0

Recently, I have started to look into image optimisation. Specifically, optimising images for the web.

Using Photoshop, I have come to notice that when you open a new image, the file size could appear around the 45kb whilst in Photoshop, it can appear at over 2mb. That's a big difference.

Furthermore, I can then save the image for the web, where I can reduce the file size by over 75% in Photoshop but when I then look at the file size on my Desktop, the image either has negligible difference or can sometimes appear larger than the original, despite Photoshop indicating that the image has been reduced.

How can all this be? Am I missing something here?

  • 1
    This obviously doesn't answer the question, but maybe you'll benefit from this info too. Third party apps can shave off some extra kilos... I use Image Optim on Mac. if you're not on Mac, check out the big blue "See alternative versions" button. – Joonas Sep 10 '18 at 6:08
  • What file format is the image you are opening? – Billy Kerr Sep 10 '18 at 10:23
  • @Joonas: Thanks for the insight and suggested resource. – Craig Sep 10 '18 at 22:49
  • @BillyKerr: The images are made up of a variety of .jpeg and .png file formats. The .png file formats and predominantly for images with a transparent background since .jpeg does not support this. – Craig Sep 10 '18 at 22:50
  • So, jpeg and png are compressed image formats. Jpeg uses lossy compression, and png uses lossless compression. When you open them in Photoshop it opens the compressed images at full size, by uncompressing them. This is normal, nothing is wrong. – Billy Kerr Sep 11 '18 at 8:05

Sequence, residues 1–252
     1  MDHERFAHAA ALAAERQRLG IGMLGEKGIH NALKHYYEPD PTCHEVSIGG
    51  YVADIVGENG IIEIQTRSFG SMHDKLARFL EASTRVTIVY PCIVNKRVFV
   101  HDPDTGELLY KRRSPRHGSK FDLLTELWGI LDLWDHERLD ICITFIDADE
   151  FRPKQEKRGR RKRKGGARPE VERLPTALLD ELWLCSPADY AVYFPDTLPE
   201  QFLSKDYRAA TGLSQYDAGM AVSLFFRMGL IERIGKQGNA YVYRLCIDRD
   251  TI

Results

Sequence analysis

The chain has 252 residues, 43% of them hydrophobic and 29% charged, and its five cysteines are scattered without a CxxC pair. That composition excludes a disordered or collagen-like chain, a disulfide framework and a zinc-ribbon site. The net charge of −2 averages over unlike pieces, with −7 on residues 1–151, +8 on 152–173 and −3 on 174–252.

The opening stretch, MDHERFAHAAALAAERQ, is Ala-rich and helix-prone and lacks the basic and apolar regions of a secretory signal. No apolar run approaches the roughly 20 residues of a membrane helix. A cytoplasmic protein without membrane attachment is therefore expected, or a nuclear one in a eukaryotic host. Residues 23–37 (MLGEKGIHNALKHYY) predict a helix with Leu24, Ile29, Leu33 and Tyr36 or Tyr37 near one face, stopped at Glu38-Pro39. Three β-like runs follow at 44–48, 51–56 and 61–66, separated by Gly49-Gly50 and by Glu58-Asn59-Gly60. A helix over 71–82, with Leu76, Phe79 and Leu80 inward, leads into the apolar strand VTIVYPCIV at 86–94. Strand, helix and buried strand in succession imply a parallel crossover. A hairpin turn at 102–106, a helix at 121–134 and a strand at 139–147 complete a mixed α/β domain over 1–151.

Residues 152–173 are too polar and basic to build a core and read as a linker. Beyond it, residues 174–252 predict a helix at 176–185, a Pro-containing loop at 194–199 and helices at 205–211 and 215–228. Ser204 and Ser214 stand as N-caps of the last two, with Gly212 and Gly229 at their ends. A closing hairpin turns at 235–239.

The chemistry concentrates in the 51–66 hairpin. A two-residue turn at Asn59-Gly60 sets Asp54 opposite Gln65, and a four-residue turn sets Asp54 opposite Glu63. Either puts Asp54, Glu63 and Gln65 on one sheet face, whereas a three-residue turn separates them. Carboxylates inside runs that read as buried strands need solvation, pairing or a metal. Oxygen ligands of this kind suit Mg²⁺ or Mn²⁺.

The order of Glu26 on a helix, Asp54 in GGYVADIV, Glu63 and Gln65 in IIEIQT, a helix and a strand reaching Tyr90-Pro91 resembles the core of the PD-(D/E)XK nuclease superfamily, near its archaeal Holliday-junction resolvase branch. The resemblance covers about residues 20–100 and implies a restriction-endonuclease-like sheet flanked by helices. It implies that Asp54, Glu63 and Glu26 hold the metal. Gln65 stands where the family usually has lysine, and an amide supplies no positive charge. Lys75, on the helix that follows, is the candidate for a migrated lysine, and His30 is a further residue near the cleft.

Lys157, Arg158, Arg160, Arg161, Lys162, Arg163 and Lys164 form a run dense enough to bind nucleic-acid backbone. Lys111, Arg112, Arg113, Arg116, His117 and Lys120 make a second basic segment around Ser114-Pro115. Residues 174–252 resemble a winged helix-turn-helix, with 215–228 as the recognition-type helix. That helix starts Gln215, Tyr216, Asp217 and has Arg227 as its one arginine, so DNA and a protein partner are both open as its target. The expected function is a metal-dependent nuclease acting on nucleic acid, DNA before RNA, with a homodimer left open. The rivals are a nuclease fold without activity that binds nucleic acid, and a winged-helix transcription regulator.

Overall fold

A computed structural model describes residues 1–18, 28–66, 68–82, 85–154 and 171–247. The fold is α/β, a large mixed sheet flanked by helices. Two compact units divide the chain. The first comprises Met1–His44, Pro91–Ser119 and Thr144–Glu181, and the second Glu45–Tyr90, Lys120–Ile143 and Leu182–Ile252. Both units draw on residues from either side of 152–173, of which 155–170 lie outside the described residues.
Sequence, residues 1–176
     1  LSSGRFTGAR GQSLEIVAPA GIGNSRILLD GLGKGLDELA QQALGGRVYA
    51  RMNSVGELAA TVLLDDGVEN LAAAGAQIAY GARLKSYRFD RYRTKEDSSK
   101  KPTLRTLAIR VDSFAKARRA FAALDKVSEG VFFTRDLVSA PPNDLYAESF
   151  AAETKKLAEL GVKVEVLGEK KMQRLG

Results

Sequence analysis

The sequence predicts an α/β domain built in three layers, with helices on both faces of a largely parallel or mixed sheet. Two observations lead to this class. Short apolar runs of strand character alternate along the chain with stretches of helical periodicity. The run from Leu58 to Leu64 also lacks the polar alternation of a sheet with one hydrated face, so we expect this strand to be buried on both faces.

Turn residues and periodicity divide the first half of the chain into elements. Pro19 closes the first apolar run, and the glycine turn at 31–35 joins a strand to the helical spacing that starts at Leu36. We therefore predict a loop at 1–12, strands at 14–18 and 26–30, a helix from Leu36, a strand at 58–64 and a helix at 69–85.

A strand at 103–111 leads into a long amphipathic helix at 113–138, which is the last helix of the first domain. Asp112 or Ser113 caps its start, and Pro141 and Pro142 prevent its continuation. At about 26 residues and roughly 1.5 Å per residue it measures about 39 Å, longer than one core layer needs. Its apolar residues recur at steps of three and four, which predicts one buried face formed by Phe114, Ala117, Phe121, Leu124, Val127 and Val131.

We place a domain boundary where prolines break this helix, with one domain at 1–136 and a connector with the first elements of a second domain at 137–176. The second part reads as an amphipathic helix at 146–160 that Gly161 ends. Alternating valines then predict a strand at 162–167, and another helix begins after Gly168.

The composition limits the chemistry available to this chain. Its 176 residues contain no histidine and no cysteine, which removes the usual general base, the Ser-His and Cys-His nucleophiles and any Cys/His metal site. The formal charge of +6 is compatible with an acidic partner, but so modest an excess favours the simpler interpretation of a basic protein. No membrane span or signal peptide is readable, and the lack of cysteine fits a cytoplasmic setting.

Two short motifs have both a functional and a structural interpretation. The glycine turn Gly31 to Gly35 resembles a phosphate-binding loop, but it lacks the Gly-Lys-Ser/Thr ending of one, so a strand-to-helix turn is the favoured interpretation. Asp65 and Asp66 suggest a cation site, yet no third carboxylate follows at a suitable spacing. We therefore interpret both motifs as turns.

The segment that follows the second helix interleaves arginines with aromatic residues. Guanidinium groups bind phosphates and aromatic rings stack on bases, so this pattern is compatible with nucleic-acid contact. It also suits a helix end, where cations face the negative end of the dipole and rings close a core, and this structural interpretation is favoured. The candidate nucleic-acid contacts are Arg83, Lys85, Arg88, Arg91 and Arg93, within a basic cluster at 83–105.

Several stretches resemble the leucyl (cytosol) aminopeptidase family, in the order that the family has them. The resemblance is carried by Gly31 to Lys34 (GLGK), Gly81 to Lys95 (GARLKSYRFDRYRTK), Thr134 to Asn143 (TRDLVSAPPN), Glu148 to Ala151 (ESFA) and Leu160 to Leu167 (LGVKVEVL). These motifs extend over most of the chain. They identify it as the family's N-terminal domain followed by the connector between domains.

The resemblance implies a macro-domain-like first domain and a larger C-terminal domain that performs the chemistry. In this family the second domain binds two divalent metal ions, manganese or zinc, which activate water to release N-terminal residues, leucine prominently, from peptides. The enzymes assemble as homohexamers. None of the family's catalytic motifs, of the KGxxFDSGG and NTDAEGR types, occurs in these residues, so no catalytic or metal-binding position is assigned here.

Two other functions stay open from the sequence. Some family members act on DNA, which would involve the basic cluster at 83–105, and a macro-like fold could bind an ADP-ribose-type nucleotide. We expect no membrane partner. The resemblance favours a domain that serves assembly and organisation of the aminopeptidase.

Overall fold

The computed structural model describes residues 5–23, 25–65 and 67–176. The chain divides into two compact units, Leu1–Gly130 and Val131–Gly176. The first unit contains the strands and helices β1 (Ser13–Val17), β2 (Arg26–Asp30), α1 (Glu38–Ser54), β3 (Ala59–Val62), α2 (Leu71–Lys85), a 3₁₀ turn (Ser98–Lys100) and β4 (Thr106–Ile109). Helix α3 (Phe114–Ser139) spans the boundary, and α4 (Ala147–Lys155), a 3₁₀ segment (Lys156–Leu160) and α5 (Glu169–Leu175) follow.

2

Some formats are compressed formats - Tiff, JPG, PNG, PSD, etc., all use compression. Therefore the image size reported for an open image in an application is often the uncompressed size, whereas on the desktop, as a file, it's the compressed size.

In addition, hard disk drives have minimum block sizes. So, for example the hard drive itself may have a minimum block size of 4 bytes. So even a 2 byte image will be reported as 4 bytes (the minimum) when examining the file in the OS.

You can see something like:

  • Size: 220,233 bytes (221 KB on disk)

Where the actual size is reported and the "on disk" size would indicate the use of minimum blocks for the size. Sizes are always rounded up to the nearest block size on a hard drive.

On the Macintosh, the Finder will always show the "on disk" size. You can only ever see the actual size by using Get Info on an image file. (I would assume Windows Explorer is similar, but, well, I don't do Windows).

  • Thanks for this answer. With particular reference to WordPress websites, would I be right to assume that this Content Management System also compresses files by default? I am thinking this, since when I upload the images, they are showing the file sizes around 60kb, for images which are over 2mb in applications such as Photoshop? – Craig Sep 10 '18 at 22:48
  • 1
    @Craig customarily any image upload on a site will process the image through something like Imagemagick which can be configured to compress images as well. Essentially it has a "jpg quality setting" similar to Photoshop's, which will alter the image quality in relation to file size. So, uploaded images are typically an unknown because there's no direct way to know what settings the upload script may be configured to use - unless you own the website and change the settings. – Scott Sep 10 '18 at 23:21

Your Answer

By clicking “Post Your Answer”, you agree to our terms of service, privacy policy and cookie policy

Not the answer you're looking for? Browse other questions tagged or ask your own question.